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just thought I'd add to this thread...i'm currently about 18hrs into flying and probably 6-8hrs from solo. Just need to work on some more stalls and landings
Good for you! WRT your solo, you'll be SHOCKED how much better the plane flies when you get rid of that dead weight in the right hand seat. :D
 

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I've wanted to fly in the Air Force since I was 5 or 6...suck I had seizures when I was younger, pretty much certain it disqualifies me even they have been gone for years and w/o being on meds.

I'd love love love to fly an F-15E
 

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just thought I'd add to this thread...i'm currently about 18hrs into flying and probably 6-8hrs from solo. Just need to work on some more stalls and landings
Heh heh. Has your instructor drilled and grilled you on the dreaded "slip stall spin" that so many young/student pilots flirt dangerously close with turning base to final?

The two places I'm most careful about attitude and airspeed are on departure and base-to-final. I've lost several friends to stalls on both.

Let us know when you solo. No feeling like it. I still remember my solo--better than I remember my own wedding day, and the solo was way before. :)
 

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Heh heh. Has your instructor drilled and grilled you on the dreaded "slip stall spin" that so many young/student pilots flirt dangerously close with turning base to final?

The two places I'm most careful about attitude and airspeed are on departure and base-to-final. I've lost several friends to stalls on both.

Let us know when you solo. No feeling like it. I still remember my solo--better than I remember my own wedding day, and the solo was way before. :)
no I actually struggle with stalls a bit. The first few times we were practicing them I started us into a spin and it spooked me so i've laid off of them for a while. I would have like to have been further in my training by now but we had an addition to the family 2 months ago and I got real busy at work so flying took a back seat. I'm getting excited again though. I just went up in my uncles cirrus sr-20 gts and had a blast. I would love to own that plane...well actually the 22 but either would be fine with me. sure beats my 1970 172 trainer
 

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Yeah, Anything by Cirus is better than alot of planes. I would love to own a Mooney one day.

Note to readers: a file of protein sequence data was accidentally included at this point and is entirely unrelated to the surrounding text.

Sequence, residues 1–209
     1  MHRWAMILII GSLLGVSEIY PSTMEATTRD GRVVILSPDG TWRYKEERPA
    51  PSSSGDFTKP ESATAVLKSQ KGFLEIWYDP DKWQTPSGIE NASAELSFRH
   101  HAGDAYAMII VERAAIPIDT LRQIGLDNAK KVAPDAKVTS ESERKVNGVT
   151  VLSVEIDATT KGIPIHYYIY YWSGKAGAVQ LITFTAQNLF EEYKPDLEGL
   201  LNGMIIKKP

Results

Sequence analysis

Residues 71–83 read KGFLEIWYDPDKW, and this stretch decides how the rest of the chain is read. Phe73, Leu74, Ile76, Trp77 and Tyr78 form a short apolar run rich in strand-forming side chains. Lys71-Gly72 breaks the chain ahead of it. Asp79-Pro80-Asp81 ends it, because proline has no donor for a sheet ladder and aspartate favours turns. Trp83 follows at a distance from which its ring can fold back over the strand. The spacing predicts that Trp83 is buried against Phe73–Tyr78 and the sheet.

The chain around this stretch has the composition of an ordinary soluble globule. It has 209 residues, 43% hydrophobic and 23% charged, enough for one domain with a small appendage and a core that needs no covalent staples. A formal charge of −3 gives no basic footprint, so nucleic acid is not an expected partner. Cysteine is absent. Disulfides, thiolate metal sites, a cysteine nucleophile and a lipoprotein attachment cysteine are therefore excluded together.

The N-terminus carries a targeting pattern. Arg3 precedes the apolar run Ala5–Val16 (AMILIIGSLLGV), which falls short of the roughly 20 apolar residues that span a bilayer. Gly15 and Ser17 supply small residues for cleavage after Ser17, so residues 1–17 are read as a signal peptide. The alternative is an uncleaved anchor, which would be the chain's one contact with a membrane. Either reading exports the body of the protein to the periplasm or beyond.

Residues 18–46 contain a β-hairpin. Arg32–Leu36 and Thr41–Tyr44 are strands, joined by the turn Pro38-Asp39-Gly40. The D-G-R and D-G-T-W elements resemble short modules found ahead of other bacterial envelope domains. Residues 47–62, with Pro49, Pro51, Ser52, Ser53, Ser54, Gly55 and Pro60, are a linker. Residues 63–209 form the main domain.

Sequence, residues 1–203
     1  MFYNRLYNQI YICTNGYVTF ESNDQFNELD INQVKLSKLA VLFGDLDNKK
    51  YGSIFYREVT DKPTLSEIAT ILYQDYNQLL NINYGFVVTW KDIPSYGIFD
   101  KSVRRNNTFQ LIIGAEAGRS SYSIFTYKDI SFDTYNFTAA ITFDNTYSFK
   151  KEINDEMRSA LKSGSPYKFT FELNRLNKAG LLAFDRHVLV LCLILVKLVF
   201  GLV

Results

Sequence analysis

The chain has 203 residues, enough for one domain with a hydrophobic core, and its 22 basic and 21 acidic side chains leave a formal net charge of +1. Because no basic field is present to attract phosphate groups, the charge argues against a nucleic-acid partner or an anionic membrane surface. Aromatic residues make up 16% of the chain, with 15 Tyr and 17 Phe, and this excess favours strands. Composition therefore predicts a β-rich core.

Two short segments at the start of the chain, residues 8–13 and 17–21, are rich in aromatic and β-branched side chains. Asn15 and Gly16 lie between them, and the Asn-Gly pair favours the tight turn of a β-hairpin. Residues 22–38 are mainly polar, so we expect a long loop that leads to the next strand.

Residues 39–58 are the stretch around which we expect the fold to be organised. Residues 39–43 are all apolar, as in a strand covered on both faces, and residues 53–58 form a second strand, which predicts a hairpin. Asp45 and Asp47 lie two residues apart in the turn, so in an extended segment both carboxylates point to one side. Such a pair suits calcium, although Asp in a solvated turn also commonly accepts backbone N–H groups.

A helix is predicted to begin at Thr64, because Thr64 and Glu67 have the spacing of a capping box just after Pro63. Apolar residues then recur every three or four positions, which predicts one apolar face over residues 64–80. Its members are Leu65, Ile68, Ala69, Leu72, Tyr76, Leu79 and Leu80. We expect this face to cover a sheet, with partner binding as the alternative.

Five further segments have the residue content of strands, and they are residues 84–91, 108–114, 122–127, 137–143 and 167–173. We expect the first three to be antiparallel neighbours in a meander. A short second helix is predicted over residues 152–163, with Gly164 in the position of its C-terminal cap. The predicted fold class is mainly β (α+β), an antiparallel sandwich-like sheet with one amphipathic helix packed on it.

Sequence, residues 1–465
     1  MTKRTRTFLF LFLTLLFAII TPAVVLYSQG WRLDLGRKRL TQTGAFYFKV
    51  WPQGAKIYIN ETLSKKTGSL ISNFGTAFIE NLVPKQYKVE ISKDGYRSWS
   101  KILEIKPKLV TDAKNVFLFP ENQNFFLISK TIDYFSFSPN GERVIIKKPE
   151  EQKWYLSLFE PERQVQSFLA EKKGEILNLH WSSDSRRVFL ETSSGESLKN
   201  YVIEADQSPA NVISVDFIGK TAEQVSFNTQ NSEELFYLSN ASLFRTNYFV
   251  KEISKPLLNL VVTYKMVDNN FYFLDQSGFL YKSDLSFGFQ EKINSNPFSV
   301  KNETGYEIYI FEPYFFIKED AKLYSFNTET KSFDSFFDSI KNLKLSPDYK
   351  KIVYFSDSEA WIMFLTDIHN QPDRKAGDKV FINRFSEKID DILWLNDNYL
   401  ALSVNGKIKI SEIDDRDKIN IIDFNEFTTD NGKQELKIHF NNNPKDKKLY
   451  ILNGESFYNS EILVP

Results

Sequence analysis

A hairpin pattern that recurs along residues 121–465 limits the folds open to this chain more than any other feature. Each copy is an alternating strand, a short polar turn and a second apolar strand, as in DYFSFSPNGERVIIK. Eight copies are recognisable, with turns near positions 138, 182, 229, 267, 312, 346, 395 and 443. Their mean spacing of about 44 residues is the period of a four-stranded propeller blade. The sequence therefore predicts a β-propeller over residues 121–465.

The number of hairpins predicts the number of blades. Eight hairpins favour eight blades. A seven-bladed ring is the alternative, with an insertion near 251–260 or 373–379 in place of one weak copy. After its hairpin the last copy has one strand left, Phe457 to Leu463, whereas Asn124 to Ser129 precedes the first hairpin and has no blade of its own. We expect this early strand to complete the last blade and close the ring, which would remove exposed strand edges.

Ive never had a problem with base to final. I always kept just a little more altitude than i was supposed to. Whenever I needed to transition from one leg to another I let the nose drop more than it was suposed to. It kept the airspeed up and bled away the extra altitude. If I ended up with too much speed I would just hold altitude till it slowed up. That way I still had my saftey margin. If you come out of the turn at the right speed you can just pull a little power and fall quicker to get rid of the altitude.

You can always trade one thing for another with an airplane.

And honestly I do remember my solo too, it was over 16 years ago. You will havnthe biggest smile and the most wonderful feeling of accomplishment somewhere around 300 feet. It never goes away. You just want to fly bigger and faster planes alot higher after that.
 

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no I actually struggle with stalls a bit. The first few times we were practicing them I started us into a spin and it spooked me so i've laid off of them for a while. I would have like to have been further in my training by now but we had an addition to the family 2 months ago and I got real busy at work so flying took a back seat. I'm getting excited again though. I just went up in my uncles cirrus sr-20 gts and had a blast. I would love to own that plane...well actually the 22 but either would be fine with me. sure beats my 1970 172 trainer
Spins and Stalls are one of the reasons I'm soooo grateful for the time I spent at SkyWarriors in Atlanta. If you didn't stall the airplane, you were not trying hard enough, so stalls/spins became 2nd nature. In fact, a controlled spin could work to your advantage in an escape.

The T34 got it's best turn rate rigghhhttt on the edge of a stall ... "mice dancing on the wings". Pull just a weeee bit harder and you would transition to "elephants dancing on the wings", and you would stall.

My primary flight instructor taught me how do "drive" and airplane (and did a damn good job I think), but SkyWarriors taught me how to "fly" one ... big difference.
 

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Ive never had a problem with base to final. I always kept just a little more altitude than i was supposed to. Whenever I needed to transition from one leg to another I let the nose drop more than it was suposed to. It kept the airspeed up and bled away the extra altitude. If I ended up with too much speed I would just hold altitude till it slowed up. That way I still had my saftey margin. If you come out of the turn at the right speed you can just pull a little power and fall quicker to get rid of the altitude.

You can always trade one thing for another with an airplane.
I can get away with that in my 172 and its 40 degrees of flaps. Can sometimes get away with it in Taylorcraft we're restoring. Can't get away with it at all in the Lancair we're building


Can't get away with it in the T210 either. I'm having to bleed off airspeed ten/fifteen miles away from the airport before I enter either the crosswind or downwind leg. In the downwind, I'm hanging the gear out and getting ready to put out a notch of flaps (usually 10 degrees).

The Lancair is a slippery little hotrod, and the Centurian is pretty slippery too--plus, it's heavy so any nose-down attitude on short-final picks up the airspeed.

But if you really want to know why that's a bad technique, ask the Mooney drivers. You have to nail your airspeed on final because otherwise if you don't, you're either gonna thump or you're gonna float. :) Ask me how I know this and how many times it took to learn it. :whistle:

The runway at our private airport/public use is a bit under 4,000 feet and 60' wide. Plenty adequate for us, but we've had more than one pilot turn away and opt for a "safer" runway (translation: Minimum of 5,000' length, 100' width).